This award-winning series is written by Royal Geographical Society member Anita Ganeri, and illustrated by Mike Phillips (Horrible Histories: Gruesome Guides). For over twenty years Horrible Geography has taken the boring out of geological surveys, the dull out of drafting a map, and tedium out of tide tables.

Horrible Geography will have you laughing out loud as you learn a thing or two at the same time. Packed with hilarious illustrations and great facts that will have you rushing to share them with others, this is the book to help you laugh at the world around you. Whether you want to find out about far-flung places, or a little more about your own patch, Horrible Geography drops facts as quickly as jokes. This fantastic series of books brings geography to life, while quizzes, puzzles and activities keep boredom at bay.

Whether you work in a home office or abroad, business success in our ever more globalized and virtual world requires the skills to navigate through cultural differences and decode cultures foreign to your own. Renowned expert Erin Meyer is your guide through this subtle, sometimes treacherous terrain where people from starkly different backgrounds are expected to work harmoniously together.

Even with English as a global language, it’s easy to fall into cultural traps that endanger careers and sink deals when, say, a Brazilian manager tries to fathom how his Chinese suppliers really get things done, or an American team leader tries to get a handle on the intra-team dynamics between his Russian and Indian team members.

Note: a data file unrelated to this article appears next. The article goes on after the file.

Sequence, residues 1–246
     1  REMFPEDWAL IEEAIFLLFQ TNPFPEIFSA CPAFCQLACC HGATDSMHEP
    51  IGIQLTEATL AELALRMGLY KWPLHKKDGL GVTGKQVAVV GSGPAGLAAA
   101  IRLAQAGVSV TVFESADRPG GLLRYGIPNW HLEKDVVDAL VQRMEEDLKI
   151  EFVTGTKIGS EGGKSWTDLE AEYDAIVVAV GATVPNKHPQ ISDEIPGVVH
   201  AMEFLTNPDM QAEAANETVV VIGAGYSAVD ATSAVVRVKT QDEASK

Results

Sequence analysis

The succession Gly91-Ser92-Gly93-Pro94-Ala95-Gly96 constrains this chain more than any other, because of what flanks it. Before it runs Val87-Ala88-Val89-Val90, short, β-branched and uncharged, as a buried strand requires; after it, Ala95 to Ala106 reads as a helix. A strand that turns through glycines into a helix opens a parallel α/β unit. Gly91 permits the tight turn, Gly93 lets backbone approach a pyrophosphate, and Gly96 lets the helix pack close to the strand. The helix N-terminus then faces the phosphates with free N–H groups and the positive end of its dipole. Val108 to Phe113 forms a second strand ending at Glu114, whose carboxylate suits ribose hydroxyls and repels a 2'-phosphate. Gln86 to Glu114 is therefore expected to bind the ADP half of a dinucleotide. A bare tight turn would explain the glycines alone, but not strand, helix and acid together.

In The Culture Map, Erin Meyer provides a field-tested model for decoding how cultural differences impact international business. She combines a smart analytical framework with practical, actionable advice for succeeding in a global world.


  • AQA GCSE Geography (8035)
  • AQA A Level Geography (7037)

Enrichment & Experiences

Recent/Upcoming trips include 

  • Year 7 – Investigative study of micro-climate around the school site
  • Year 8 – Visit to the coast – Milford on Sea and Hurst Castle to study processes at work on the coast and coastal protection measures.
  • Year 9 – Local investigative study
  • Year 10 – Visit and fieldwork on Birkdale Sand dunes investigating the shape of the dunes and vegetation diversity.
  • Year 11 – Visit and fieldwork to investigate the regenerated area of the Queen Elizabeth Park (Olympic Park) and compare with a more economically challenged area.
  • Year 12 – Visit to Amersham Field Studies Council to investigate the many aspects of the water cycle: movement of water on different surfaces; river discharge; impact of interception and stemflow in a wooded area and infiltration capacity variation on a hillside. Visit Olympic Park to further investigate socio-economic and environmental quality.
  • Year 13 – Carry out their own individual investigation for their A level. Investigations have included longshore drift on Hurst Castle spit, vegetation succession on Birkdale dunes; variations in quality of life and standard of living between differing areas in Coventry; the impacts of city centre regeneration in Coventry; the impact of footpath erosion at Brandon Marshes and so on.


2022 Results

  • GCSE 23% Grade 9
  • 57.3% Grade 7-9
  • 91.2% Grade 4-9


Of last years’ cohort students the typical university destinations included, Coventry, Cardiff, De Montfort, Warwick and Liverpool Institute for performing arts, to study: quantity surveying and commercial management, urban planning & development, nursing, biomedical studies, tourism & hospitality management,  language culture and communication, and music.